Peter Jackson Admits He Didn't Know What He Was Doing With The Hobbit
Jackson worked 21-hour days during production on the movies.
Lord of the Rings director Peter Jackson had three and a half years to prepare his telling of Tolkien's classic trilogy, but he didn't have the same luxury when he replaced Pacific Rim director Guillermo del Toro on The Hobbit.
The behind-the-scenes revelation in the Battle of the Five Armies DVD was posted to YouTube by Joshalots. In the video (which we assume will be taken down soon), Jackson and others who worked on the movies talk about the stark difference in prep time between The Lord of the Rings and The Hobbit. The director took over for del Toro in 2010 and according to the video said that he spent much of his time on The Hobbit feeling like he wasn't on top of it.
When del Toro left the director's chair on The Hobbit, Jackson, and with him came a different vision for the Lord of the Rings prequel, which called for big changes to the movie and its production.
"We started all over again from scratch and redesigned the movie for Peter," said conceptual designer John Howe.
"[When] I jumped in and took over, we didn't wind the clock back a year and a half and give me a year and a half prep to design the movie," said Jackson, who only had a few months before shooting began. "[It] was impossible, and as a result of it being impossible I just started shooting the movie with most of it not prepped at all."
Jackson said he "didn't know what the hell he was doing," resorting to winging it with no storyboards and making it up on the spot as he went. He was able to do this up to the point where he had to shoot the titular Battle of the Five Armies.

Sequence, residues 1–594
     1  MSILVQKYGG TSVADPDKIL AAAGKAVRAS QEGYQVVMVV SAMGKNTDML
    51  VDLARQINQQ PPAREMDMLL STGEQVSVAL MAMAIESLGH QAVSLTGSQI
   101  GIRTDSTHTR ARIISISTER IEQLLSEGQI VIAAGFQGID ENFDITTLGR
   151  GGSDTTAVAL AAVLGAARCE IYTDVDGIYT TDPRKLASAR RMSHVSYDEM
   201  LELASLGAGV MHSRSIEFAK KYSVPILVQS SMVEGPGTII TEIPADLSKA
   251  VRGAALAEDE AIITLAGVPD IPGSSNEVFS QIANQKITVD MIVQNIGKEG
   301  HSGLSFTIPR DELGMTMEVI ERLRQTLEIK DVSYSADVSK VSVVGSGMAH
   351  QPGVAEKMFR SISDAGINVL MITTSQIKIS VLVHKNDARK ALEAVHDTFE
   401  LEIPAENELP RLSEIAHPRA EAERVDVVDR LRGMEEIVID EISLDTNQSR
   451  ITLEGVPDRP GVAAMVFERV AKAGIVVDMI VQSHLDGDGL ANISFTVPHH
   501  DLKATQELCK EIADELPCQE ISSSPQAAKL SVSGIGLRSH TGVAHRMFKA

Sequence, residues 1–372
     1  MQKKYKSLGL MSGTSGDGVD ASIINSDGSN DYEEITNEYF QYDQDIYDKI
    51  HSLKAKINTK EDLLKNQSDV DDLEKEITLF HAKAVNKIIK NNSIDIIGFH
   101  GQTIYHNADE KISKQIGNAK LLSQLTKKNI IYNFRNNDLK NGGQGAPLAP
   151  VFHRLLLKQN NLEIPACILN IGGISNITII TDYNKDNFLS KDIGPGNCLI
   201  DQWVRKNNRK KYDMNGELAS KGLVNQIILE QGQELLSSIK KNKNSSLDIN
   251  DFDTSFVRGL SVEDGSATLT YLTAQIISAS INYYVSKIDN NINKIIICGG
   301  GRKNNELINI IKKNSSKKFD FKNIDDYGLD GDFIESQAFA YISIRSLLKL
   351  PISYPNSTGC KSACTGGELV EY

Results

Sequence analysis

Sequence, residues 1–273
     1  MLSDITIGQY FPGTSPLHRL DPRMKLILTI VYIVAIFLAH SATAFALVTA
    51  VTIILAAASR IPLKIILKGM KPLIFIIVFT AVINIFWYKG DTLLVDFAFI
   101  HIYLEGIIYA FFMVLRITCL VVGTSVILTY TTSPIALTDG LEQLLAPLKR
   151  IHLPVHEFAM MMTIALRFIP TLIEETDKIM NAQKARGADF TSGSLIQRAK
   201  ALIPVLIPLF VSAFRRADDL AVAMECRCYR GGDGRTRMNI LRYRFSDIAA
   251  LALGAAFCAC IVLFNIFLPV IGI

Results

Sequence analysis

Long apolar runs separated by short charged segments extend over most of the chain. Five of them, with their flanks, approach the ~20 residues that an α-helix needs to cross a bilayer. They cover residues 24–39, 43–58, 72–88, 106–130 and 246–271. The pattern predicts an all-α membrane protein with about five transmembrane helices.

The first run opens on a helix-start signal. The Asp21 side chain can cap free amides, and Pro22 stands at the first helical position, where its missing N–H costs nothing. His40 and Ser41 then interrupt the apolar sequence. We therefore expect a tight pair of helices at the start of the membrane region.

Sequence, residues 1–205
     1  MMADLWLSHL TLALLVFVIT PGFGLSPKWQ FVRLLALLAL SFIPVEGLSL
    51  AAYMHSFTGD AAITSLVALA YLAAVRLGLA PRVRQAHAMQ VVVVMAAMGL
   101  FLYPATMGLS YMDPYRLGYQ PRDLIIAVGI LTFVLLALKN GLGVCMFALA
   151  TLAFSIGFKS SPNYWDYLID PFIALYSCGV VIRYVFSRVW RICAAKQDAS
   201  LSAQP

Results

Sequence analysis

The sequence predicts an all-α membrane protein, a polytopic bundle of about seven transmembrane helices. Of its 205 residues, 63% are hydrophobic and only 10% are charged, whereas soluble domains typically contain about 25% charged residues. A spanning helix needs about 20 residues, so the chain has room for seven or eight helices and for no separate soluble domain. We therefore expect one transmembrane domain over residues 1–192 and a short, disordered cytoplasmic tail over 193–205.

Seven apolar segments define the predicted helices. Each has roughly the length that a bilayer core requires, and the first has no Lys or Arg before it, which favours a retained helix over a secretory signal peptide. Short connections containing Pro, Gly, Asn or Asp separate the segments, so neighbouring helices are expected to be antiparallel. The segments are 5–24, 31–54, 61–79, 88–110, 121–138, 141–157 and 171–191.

After attempting to shoot the battle scene, Jackson realized that he needed to halt production and prepare storyboards to properly film the scene.
"I couldn't wing that, really, I did need to know what the hell I was doing and have a plan," said the award-winning director. "And so what that delay, any delay, gives you is it gives the director time to just clear his head and actually have some quiet time to sit and just wait for those bits of inspiration to come about the battle that you've got coming up and start to put something together."
The Hobbit film series was a financial hit, coming close to $3 billion in the box office, but it didn't meet the highly positive critical response that Jackson's Lord of the Rings trilogy did. The first two movies in the prequel series were adapted to a Lego video game, which received a score of 5 in GameSpot's review. Warner Bros. told GameSpot back in March that there are no plans to release DLC to add a Lego-fied version of Battle of the Five Armies to Lego The Hobbit.
Disclosure: ViacomCBS is GameSpot's parent company
GameSpot may get a commission from retail offers.
Got a news tip or want to contact us directly? Email email@example.com